Conclusions: Given the parallel increase of some digestive cancers and alcohol consumption registered in our area, alcohol could represent more than a coincidence.

27 September 2018 In Drinking & Eating Patterns

BACKGROUND: Recent trends in alcoholic liver disease, alcohol-related emergency room admissions, and alcohol use disorder prevalence as measured by general-population surveys have raised concerns about rising alcohol-related morbidity and mortality in the United States. In contrast, upward trends in per capita alcohol consumption have been comparatively modest.

METHODS: To resolve these discordant observations, we sought to examine trends in the prevalence of alcohol use and binge drinking from 6 regularly or periodically administered national surveys using a meta-analytic approach. Annual or periodic prevalence estimates for past-12-month or past-30-day alcohol use and binge drinking were estimated for available time points between the years 2000 and 2016. Estimates were combined in a random-effects regression model in which prevalence was modeled as a log-linear function of time to obtain meta-analytic trend estimates for the full population and by sex, race, age, and educational attainment.

RESULTS: Meta-analysis-derived estimates of average annual percentage increase in the prevalence of alcohol use and binge drinking were 0.30% per year (95% CI: 0.22%, 0.38%) and 0.72% per year (95% CI: 0.46%, 0.98%), respectively. There was substantial between-survey heterogeneity among trend estimates, although there was notable consistency in the degree to which trends have impacted various demographic groups. For example, most surveys found that the changes in prevalence for alcohol use and binge drinking were large and positive for ages 50 to 64 and 65 and up, and smaller, negative, or nonsignificant for ages 18 to 29.

CONCLUSIONS: Significant increases in the prevalence of alcohol use and of binge drinking over the past 10 to 15 years were observed, but not for all demographic groups. However, the increase in binge drinking among middle-aged and older adults is substantial and may be driving increasing rates of alcohol-related morbidity and mortality.

27 July 2018 In Cardiovascular System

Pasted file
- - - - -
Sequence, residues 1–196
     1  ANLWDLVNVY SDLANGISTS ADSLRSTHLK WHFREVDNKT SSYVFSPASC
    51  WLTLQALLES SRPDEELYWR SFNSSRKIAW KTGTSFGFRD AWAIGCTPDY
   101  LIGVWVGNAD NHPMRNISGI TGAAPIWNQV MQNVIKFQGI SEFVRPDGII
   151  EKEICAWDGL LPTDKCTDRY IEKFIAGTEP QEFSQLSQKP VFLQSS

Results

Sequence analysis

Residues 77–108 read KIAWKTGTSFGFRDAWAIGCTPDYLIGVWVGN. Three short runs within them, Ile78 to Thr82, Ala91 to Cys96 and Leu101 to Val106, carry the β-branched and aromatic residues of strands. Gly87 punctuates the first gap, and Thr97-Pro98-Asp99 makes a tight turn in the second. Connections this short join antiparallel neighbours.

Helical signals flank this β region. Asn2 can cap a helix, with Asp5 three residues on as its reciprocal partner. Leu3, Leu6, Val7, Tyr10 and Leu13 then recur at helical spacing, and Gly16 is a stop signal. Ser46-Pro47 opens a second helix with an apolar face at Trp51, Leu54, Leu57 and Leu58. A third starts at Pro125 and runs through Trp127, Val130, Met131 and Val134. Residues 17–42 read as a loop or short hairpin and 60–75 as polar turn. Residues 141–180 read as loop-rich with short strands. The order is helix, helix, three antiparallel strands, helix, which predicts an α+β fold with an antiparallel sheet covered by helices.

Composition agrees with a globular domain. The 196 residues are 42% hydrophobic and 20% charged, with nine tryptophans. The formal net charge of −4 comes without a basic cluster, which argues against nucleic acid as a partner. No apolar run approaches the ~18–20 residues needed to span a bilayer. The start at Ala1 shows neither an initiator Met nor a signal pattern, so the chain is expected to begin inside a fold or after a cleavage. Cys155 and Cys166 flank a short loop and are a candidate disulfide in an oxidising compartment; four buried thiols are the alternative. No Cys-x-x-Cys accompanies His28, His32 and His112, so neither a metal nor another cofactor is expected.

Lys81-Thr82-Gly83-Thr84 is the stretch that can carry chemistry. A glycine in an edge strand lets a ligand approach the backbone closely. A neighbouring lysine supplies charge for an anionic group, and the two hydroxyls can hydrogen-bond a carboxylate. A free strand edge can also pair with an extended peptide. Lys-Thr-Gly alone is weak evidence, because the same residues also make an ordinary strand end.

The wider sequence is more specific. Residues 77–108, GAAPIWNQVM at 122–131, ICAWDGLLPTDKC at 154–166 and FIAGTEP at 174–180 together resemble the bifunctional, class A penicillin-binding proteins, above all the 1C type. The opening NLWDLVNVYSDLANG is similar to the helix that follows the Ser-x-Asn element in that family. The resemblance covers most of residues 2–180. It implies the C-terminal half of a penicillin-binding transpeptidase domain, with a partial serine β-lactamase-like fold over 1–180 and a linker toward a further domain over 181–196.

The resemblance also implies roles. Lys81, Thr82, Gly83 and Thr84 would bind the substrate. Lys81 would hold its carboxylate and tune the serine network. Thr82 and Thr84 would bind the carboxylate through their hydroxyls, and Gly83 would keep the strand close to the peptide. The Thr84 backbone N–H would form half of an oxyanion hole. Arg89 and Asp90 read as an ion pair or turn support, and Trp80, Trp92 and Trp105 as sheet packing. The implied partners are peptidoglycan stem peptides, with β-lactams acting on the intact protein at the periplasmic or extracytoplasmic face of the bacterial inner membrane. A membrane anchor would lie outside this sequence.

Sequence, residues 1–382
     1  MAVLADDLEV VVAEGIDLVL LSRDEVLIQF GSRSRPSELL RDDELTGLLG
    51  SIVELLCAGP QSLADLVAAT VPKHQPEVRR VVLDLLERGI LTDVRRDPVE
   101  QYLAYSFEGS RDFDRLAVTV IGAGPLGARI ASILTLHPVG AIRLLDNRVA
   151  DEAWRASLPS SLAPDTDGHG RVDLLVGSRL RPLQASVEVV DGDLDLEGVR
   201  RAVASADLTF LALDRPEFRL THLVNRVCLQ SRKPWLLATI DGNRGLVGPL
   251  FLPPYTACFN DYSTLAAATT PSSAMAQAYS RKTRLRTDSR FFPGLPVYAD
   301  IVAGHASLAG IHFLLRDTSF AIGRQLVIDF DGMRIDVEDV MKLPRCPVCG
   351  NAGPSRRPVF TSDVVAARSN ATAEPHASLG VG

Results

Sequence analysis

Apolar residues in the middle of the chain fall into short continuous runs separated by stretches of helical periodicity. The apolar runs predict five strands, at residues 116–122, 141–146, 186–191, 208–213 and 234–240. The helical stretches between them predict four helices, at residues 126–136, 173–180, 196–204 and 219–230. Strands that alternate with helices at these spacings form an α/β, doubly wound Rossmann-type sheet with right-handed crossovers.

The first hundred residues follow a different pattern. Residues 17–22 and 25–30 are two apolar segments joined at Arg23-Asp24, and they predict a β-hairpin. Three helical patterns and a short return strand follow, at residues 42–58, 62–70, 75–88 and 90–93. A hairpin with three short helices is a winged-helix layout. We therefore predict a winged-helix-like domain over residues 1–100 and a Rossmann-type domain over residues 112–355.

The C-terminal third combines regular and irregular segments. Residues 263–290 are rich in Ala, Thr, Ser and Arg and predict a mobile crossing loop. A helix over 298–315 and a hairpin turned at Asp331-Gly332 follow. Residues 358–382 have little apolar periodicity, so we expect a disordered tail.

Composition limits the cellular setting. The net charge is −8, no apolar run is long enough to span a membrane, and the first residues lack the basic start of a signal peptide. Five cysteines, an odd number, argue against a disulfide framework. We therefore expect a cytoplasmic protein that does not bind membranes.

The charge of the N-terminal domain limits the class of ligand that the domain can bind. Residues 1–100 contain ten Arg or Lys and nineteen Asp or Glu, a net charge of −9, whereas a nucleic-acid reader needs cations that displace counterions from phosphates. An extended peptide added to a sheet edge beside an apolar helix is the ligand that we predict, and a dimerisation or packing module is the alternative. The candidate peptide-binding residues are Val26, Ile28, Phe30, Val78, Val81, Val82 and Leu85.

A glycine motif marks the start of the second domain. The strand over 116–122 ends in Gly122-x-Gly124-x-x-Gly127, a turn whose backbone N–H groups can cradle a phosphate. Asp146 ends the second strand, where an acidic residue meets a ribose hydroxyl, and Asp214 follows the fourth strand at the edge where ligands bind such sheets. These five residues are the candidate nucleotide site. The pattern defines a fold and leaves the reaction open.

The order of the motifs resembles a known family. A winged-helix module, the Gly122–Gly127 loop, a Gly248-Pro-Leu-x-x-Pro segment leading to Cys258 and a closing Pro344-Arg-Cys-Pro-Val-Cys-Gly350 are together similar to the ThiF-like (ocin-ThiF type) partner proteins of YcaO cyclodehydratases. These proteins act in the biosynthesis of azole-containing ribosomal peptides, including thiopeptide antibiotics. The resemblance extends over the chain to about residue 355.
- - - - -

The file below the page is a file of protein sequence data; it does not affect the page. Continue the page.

BACKGROUND: Although it is well established that heavy alcohol consumption increases the risk of hypertension, the risk associated with low levels of alcohol intake in men and women is unclear.

METHODS AND RESULTS: We searched Medline and Embase for original cohort studies on the association between average alcohol consumption and incidence of hypertension in people without hypertension. Random-effects meta-analyses and metaregressions were conducted. Data from 20 articles with 361 254 participants (125 907 men and 235 347 women) and 90 160 incident cases of hypertension (32 426 men and 57 734 women) were included. In people drinking 1 to 2 drinks/day (12 g of pure ethanol per drink), incidence of hypertension differed between men and women (relative riskwomen vs men=0.79; 95% confidence interval, 0.67-0.93). In men, the risk for hypertension in comparison with abstainers was relative risk=1.19 (1.07-1.31; I(2)=59%), 1.51 (1.30-1.76), and 1.74 (1.35-2.24) for consumption of 1 to 2, 3 to 4, and 5 or more standard drinks per day, respectively. In women, there was no increased risk for 1 to 2 drinks/day (relative risk=0.94; 0.88-1.01; I(2)=73%), and an increased risk for consumption beyond this level (relative risk=1.42; 1.22-1.66).

CONCLUSIONS: Any alcohol consumption was associated with an increase in the risk for hypertension in men. In women, there was no risk increase for consumption of 1 to 2 drinks/day and an increased risk for higher consumption levels. We did not find evidence for a protective effect of alcohol consumption in women, contrary to earlier meta-analyses.